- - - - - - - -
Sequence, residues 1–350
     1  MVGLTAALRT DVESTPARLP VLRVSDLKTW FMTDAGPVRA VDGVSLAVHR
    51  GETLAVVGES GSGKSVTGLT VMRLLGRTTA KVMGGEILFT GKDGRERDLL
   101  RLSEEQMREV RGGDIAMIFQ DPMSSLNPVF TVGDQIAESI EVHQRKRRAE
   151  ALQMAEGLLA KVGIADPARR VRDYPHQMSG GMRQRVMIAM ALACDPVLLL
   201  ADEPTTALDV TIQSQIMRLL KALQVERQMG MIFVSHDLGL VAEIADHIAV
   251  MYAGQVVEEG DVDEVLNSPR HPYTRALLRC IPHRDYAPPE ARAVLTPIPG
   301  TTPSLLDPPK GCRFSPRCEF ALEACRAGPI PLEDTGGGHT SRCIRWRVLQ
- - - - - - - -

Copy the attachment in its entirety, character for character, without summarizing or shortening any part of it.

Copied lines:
Sequence, residues 1–350
     1  MVGLTAALRT DVESTPARLP VLRVSDLKTW FMTDAGPVRA VDGVSLAVHR
    51  GETLAVVGES GSGKSVTGLT VMRLLGRTTA KVMGGEILFT GKDGRERDLL
   101  RLSEEQMREV RGGDIAMIFQ DPMSSLNPVF TVGDQIAESI EVHQRKRRAE
   151  ALQMAEGLLA KVGIADPARR VRDYPHQMSG GMRQRVMIAM ALACDPVLLL
   201  ADEPTTALDV TIQSQIMRLL KALQVERQMG MIFVSHDLGL VAEIADHIAV
   251  MYAGQVVEEG DVDEVLNSPR HPYTRALLRC IPHRDYAPPE ARAVLTPIPG
   301  TTPSLLDPPK GCRFSPRCEF ALEACRAGPI PLEDTGGGHT SRCIRWRVLQ